“I think the thing that sets us apart from our competitors is that they are these gigantic companies with thousands upon thousands of individual products,” Ponder says. “But when you call them, you’re going to get someone on the telephone where if you don’t have a part number and know exactly what you need, they really can’t help you. That’s where our people step in, and we have an average tenure of 27 years. We have the expertise to provide that old-fashioned, good customer service. You don’t have to have a part number with us.”

Lear Corporation

For more than 100 years, Lear Corporation has taken a systematic approach to innovation that aligns market demands for intelligent and environmentally friendly technologies applied to smart manufacturing.

Lear believes that as cars and trucks grow more intelligent, so will the factories that produce them. The company prioritizes operational excellence and continuous operational improvement, and leveraging smart factory technologies in automation, additive manufacturing, as well as data and digitization.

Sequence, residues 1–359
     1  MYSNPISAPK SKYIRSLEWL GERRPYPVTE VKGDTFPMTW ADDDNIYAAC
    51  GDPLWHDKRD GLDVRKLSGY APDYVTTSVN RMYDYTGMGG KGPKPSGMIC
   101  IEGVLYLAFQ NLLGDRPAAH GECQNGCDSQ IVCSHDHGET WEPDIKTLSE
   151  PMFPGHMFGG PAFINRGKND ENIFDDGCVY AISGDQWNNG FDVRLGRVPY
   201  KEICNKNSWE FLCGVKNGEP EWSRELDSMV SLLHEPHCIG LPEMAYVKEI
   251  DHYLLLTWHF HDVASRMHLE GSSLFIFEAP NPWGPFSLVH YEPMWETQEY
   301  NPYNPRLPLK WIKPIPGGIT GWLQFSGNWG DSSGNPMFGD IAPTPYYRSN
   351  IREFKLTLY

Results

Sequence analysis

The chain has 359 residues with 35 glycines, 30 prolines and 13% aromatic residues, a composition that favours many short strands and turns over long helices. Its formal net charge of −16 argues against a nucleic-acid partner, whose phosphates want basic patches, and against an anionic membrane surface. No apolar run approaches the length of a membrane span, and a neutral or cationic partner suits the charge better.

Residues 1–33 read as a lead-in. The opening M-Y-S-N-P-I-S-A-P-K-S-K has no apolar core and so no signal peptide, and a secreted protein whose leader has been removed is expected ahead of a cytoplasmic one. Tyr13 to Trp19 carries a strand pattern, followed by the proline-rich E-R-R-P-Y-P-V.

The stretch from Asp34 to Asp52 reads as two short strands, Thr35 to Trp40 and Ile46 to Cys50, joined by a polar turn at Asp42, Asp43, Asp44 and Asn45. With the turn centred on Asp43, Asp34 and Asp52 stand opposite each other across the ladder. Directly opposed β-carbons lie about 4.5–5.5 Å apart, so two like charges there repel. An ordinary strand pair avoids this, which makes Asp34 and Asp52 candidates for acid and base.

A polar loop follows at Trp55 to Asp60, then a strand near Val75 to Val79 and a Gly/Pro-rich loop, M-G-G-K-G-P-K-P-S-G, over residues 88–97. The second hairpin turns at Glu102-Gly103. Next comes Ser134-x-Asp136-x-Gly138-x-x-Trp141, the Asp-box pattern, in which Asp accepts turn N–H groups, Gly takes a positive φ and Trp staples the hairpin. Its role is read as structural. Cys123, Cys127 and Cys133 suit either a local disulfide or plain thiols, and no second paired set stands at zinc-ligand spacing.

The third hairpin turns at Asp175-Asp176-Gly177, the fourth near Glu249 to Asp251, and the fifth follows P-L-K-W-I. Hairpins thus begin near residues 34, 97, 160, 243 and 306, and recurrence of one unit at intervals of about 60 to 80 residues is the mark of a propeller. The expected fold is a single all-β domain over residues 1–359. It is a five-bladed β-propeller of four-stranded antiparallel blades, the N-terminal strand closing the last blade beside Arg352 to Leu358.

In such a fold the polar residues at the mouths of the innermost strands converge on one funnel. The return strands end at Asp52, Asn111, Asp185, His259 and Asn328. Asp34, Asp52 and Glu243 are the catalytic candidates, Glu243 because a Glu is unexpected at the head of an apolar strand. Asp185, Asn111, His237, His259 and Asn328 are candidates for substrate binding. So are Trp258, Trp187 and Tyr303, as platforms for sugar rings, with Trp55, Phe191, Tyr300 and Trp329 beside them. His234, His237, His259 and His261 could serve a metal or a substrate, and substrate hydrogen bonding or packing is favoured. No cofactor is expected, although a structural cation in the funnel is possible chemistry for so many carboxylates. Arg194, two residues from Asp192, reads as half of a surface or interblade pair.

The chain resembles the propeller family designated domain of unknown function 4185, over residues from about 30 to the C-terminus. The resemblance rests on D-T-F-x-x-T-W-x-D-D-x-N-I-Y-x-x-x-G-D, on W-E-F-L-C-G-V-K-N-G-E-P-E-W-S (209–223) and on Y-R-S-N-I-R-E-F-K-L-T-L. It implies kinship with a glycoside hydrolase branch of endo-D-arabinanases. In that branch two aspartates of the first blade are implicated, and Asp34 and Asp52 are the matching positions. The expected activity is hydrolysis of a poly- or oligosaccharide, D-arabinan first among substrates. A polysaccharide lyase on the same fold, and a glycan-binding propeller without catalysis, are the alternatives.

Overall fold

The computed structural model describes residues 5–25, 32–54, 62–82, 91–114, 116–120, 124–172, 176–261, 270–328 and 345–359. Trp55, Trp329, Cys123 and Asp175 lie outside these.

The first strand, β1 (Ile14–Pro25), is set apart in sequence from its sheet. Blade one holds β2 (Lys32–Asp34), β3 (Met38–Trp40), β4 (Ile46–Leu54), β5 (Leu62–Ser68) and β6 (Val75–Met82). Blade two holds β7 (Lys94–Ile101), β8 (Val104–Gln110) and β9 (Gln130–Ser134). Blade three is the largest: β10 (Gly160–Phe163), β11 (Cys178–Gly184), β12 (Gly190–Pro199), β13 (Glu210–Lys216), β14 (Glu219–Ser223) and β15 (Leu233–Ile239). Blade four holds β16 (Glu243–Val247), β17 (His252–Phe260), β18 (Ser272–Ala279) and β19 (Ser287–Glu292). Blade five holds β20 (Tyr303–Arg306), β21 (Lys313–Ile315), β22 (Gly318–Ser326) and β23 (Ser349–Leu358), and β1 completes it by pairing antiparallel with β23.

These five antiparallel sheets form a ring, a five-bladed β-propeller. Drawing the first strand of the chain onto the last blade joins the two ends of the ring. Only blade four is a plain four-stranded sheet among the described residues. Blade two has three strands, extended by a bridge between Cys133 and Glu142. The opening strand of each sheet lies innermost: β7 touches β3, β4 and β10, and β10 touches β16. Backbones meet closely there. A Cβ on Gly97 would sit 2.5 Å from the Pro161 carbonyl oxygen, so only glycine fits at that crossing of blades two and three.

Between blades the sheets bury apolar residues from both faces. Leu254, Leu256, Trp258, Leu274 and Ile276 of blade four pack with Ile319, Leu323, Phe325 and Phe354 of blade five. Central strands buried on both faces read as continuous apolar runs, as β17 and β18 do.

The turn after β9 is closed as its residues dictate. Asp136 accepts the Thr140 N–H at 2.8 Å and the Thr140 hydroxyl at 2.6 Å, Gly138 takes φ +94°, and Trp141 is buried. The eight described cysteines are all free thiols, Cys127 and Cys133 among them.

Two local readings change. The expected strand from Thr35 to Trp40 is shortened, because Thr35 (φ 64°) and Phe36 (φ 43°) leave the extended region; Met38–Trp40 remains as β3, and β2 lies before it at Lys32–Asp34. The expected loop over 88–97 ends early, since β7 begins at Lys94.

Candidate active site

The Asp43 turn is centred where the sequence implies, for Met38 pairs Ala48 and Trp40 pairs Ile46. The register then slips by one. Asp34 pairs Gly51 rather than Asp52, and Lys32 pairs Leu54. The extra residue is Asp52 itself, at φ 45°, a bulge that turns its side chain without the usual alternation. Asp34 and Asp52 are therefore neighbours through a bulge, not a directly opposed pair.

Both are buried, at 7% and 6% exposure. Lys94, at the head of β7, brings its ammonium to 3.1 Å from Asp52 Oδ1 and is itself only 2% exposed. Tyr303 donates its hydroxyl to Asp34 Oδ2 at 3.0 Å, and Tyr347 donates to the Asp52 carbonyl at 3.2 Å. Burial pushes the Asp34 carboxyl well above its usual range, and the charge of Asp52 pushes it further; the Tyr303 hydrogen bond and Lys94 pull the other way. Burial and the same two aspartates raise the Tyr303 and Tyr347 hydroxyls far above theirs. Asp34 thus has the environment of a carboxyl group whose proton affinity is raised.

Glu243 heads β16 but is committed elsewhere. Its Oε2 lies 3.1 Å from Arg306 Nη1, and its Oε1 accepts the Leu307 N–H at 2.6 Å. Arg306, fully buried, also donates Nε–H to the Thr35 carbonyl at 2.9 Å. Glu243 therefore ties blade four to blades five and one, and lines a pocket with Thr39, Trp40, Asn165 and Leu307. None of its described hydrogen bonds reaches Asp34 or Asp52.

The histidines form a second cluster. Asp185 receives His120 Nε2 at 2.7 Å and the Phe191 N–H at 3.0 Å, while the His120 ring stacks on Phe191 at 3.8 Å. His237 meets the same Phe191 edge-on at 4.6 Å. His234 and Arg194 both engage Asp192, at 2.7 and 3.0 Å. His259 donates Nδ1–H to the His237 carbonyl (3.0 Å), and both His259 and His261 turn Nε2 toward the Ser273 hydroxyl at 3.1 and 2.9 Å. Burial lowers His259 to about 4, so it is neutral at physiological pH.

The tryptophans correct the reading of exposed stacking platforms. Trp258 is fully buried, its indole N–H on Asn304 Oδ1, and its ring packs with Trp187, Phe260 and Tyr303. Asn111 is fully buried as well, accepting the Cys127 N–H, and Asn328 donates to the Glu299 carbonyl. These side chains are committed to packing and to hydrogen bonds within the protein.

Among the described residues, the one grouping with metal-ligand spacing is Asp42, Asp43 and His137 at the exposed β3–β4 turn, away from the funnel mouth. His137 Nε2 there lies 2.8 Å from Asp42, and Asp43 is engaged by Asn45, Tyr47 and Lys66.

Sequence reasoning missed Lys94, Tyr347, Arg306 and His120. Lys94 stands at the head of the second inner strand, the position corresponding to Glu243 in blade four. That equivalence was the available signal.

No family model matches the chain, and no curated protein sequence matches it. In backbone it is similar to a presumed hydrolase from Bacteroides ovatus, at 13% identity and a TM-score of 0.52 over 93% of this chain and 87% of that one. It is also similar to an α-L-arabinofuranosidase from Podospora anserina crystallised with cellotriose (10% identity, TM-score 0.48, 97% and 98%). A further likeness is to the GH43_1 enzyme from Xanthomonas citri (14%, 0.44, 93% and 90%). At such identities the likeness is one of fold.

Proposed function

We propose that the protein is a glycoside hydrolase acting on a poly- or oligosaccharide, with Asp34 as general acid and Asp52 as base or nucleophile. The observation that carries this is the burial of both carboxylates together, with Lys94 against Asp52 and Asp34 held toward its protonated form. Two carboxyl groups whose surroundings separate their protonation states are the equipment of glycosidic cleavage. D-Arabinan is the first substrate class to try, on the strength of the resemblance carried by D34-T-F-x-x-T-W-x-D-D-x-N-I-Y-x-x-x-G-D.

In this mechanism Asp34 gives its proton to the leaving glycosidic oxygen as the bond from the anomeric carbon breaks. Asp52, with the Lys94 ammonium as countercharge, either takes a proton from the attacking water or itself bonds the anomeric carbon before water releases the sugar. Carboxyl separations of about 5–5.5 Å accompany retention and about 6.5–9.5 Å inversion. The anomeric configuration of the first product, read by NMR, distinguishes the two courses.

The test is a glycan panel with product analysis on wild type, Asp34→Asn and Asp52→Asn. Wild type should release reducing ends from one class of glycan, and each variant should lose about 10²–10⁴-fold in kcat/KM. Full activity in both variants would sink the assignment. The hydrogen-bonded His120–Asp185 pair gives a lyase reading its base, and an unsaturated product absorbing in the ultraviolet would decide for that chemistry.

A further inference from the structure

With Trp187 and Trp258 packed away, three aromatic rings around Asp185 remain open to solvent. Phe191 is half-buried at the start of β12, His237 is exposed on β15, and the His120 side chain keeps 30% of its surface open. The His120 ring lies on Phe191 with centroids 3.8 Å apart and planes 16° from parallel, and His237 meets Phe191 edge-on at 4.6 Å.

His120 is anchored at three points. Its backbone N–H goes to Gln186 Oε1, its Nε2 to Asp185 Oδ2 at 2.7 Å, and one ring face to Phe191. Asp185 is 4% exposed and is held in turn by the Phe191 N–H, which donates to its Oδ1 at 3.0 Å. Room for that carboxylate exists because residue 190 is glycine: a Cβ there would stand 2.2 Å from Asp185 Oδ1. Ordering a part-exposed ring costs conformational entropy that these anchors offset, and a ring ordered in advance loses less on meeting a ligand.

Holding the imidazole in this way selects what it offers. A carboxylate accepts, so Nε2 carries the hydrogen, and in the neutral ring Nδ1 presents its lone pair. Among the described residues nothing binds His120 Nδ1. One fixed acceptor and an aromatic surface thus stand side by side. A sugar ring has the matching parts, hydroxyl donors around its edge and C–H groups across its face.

With 253 facilities in 37 countries employing more than 160,000 people globally, Lear’s global impact brings an industry-leading perspective to Alabama’s automotive industry.

Mind Your Culture

Anke Jahn, founder and president of Mind Your Culture.

A company built 10 years ago, Mind Your Culture specializes in transformational programs that leverage the power of culture and shared purpose to bring out the best in people and an organization. Founder and President Anke Jahn knows the power of culture and different cultural perspectives and has made mindful practice of building her team with people from diverse backgrounds and experiences.

Originally from East Germany during the Iron Curtain era, Jahn uses that unique experience to drive her culture-forward company.